There’s no question population health and observational research are being transformed by the ability to use mobile technology on a wide scale: A flood of low cost wireless sensors coming to market opens possibilities for ubiquitous, passive data collection. We have an unprecedented ability to engage and capture near-real time, in some cases, continuous data at a very low burden to the participant. Online communities are empowering patients by bringing together people who share a common disease burden and providing them with the chance to interact, share knowledge, and compare experiences like never before. This often includes raising the visibility of research participation opportunities. 

The needs of interventional research are changing too. An increased emphasis by payers and providers on effectiveness requires understanding how patients and therapies work in the real world. With the ubiquity of smartphones, we can collect patient-reported measures in a far more meaningful and timely way than with paper diaries or dedicated hand-held devices, allowing us to develop the evidence needed for a value-based market. Even in pivotal randomized registration trials, we can introduce changes to help better engage and retain patients, shorten timelines with adaptive designs that rely on real-time data, and do so in a way that improves these studies’ ability to demonstrate safety and efficacy.

We’re still in the early days of this patient-centric era. Most mHealth and virtual trial systems are bespoke platforms with purpose-built apps. These custom built solutions can be coded exactly to the needs of a given project. But building custom solutions sacrifices reusability and inhibits the ability to start the next project fast with out-of-the box, proven technology.

At OpenClinica, we are working to achieve both. We aim to combine the rigor and exactness of RCTs with a big data/population based approach that yields richer answers about how the real world works. The best way to do that is with a platform that creates a unified experience based on reusable, but customizable components. Our nearly 10 years of work in electronic data capture has taught us a lot about how to ensure data integrity and enable our customers to implement research protocols without writing code. At the same time, we’ve built a user experience for study participants that from the ground up is designed around simplicity, mobile-friendliness, and, ease-of-use. We’ve focused on components that solve problems in a generalizable way and just work, while also providing the means to tailor the user experience and features to meet the unique needs of each study.

Every day is an exciting challenge as we and our customers learn more about the patients we both serve.  Just a few months after the launch of OpenClinica Participate, we have started, or will soon begin, connecting patients in a daily diary study on nutrition, a behavioral health risk screening study, a hospital safety outcomes project, a long-term maternal & child health cohort, and two surgical device studies, including one involving photos captured directly from mobile devices. We’re rapidly making refinements to their user experience and adding features that help improve the speed, convenience, and quality of the research. With these new approaches comes changes at every level: research design; privacy, ethics, and consent; data validity; regulatory compliance; and analytical models. But the potential payoff is great – we now have new abilities to ask big, important research questions that have been impossible to answer in the past.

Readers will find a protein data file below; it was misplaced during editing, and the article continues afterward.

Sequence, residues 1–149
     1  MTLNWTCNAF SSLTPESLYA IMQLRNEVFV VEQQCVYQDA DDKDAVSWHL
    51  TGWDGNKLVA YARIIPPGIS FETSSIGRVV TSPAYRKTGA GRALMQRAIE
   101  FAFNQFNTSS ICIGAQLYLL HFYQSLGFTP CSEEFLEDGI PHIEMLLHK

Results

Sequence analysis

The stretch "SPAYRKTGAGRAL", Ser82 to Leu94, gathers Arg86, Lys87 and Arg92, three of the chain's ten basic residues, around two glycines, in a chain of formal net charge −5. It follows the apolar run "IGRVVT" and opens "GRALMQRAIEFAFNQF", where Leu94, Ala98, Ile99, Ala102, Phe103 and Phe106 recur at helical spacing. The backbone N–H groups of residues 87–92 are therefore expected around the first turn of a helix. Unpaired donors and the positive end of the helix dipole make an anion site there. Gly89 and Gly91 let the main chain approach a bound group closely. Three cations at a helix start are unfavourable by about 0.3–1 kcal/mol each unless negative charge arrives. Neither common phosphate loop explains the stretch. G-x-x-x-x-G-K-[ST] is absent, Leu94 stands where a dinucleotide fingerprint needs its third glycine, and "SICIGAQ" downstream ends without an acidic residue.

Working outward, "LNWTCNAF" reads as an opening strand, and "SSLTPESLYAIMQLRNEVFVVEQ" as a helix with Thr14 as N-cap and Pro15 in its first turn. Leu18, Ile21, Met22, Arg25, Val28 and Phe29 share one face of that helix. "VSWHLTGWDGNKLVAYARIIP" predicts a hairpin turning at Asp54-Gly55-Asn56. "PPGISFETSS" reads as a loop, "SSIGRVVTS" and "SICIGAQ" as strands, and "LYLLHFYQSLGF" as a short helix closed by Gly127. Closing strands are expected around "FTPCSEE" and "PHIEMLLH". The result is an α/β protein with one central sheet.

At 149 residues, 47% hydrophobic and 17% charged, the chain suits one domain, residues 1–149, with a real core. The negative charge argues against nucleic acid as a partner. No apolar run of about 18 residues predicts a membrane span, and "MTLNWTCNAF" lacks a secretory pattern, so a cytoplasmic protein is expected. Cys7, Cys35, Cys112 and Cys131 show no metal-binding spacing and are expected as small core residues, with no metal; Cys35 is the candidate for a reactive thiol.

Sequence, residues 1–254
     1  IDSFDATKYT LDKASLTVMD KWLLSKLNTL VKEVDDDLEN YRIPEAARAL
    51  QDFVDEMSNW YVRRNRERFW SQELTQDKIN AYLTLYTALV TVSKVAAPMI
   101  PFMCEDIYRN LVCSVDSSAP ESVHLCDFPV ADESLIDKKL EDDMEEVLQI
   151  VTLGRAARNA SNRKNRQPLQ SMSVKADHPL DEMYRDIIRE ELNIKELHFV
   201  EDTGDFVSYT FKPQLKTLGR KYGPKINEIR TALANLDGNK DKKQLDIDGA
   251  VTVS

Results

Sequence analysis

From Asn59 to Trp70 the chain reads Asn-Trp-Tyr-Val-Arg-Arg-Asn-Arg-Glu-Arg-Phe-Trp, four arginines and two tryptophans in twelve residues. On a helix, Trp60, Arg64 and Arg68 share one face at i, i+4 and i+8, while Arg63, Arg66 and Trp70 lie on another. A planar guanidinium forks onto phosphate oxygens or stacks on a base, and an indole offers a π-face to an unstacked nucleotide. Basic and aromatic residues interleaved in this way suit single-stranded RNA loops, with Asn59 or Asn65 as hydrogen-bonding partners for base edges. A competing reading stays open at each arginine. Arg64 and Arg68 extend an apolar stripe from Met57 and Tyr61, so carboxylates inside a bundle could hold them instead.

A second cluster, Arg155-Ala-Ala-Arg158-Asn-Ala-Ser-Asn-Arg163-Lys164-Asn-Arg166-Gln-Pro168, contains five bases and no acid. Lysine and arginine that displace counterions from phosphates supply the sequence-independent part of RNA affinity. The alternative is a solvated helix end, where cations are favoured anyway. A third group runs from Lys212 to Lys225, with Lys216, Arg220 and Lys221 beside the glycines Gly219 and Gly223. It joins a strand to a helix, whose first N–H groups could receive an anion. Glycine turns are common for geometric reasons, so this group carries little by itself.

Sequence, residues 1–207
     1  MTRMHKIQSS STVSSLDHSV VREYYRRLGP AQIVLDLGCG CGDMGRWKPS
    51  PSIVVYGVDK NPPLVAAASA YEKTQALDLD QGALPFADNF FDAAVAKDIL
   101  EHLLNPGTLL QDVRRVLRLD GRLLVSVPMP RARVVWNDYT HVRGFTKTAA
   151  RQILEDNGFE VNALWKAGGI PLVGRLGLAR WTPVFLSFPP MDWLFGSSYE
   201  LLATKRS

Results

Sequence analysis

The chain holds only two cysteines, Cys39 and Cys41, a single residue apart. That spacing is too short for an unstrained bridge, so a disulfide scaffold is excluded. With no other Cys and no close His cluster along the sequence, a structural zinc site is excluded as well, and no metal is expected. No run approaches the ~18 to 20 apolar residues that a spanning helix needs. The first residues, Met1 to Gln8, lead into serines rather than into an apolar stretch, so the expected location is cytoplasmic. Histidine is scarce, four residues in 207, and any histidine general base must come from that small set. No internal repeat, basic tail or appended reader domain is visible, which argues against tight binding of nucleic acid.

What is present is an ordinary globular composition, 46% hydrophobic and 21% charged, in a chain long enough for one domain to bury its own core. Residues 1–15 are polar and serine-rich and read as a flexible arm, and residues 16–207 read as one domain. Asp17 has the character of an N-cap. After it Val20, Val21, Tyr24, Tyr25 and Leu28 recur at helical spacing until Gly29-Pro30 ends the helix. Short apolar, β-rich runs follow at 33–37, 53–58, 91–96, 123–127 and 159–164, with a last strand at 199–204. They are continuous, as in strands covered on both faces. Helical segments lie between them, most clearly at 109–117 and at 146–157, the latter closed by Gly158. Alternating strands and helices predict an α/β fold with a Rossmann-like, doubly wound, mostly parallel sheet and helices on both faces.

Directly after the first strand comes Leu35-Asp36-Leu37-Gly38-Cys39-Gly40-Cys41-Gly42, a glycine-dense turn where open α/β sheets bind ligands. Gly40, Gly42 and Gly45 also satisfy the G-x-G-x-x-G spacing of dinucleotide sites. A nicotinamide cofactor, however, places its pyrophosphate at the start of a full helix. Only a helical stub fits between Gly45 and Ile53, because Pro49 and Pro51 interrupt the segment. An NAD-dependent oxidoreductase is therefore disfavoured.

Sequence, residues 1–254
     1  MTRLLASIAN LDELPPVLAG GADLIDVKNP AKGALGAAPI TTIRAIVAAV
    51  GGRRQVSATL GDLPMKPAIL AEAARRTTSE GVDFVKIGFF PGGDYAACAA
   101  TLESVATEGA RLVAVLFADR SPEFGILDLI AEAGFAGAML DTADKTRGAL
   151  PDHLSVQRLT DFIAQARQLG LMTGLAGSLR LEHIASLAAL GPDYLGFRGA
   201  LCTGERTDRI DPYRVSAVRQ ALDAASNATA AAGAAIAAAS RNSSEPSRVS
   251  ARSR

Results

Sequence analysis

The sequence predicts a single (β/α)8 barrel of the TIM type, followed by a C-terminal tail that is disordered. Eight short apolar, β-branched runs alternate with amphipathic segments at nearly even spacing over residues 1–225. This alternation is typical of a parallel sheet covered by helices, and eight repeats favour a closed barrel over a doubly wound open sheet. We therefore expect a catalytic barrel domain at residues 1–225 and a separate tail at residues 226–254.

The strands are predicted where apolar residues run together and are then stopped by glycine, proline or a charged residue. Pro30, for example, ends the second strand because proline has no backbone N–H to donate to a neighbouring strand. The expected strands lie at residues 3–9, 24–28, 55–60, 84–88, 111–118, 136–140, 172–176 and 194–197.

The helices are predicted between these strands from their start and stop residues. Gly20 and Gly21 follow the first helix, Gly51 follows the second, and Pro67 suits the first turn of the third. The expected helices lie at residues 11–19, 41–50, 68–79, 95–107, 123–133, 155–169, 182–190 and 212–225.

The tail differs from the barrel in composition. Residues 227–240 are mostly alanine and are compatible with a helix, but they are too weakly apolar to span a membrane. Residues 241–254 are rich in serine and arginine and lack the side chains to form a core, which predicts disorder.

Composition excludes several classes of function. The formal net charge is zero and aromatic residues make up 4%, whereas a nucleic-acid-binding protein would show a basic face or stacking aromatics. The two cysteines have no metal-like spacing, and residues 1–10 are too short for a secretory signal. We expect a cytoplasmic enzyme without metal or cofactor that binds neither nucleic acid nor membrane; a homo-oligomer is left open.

Reducing friction in patient engagement: an (unconventional) case study

Participate_SCDM_SurveyOur quest for frictionless, electronic patient reported outcomes (ePRO) data capture has us looking for novel ways to engage patients and streamline process. I’d like to share a fun and interesting example of this work, in which we used Participate (the OpenClinica ePRO solution) to engage study subjects at the recent SCDM annual conference.

Our goal at the SCDM conference was to get as many attendees to try OpenClinica Participate as possible. With the vast array of vendors, eye candy, and giveaways, it’s a big challenge to cut through the noise and offer a simple, fun way to engage an audience. The same holds true when engaging patients. With the enormous number of daily distractions, ensuring that your patients can quickly access, fill out and submit well-constructed, simple forms is key to compliance and ultimately, better data.

I built the form, shown here, in OpenClinica and enabled access to it via a custom URL, a new feature in our latest release.

Attendees filled out the form, sprinkled with fun health habit questions, then captured information to allow us to draw their names to win Fitbits and other giveaways. We were able to use this data and update our graphs to give the participant a view of how they stacked up with their peers—cool!

Imagine if patients could view a visual representation of the study they are enrolled in – see the parallels and possibilities?

Graphs_SCDM

Who says ePRO and patient engagement can’t be fun?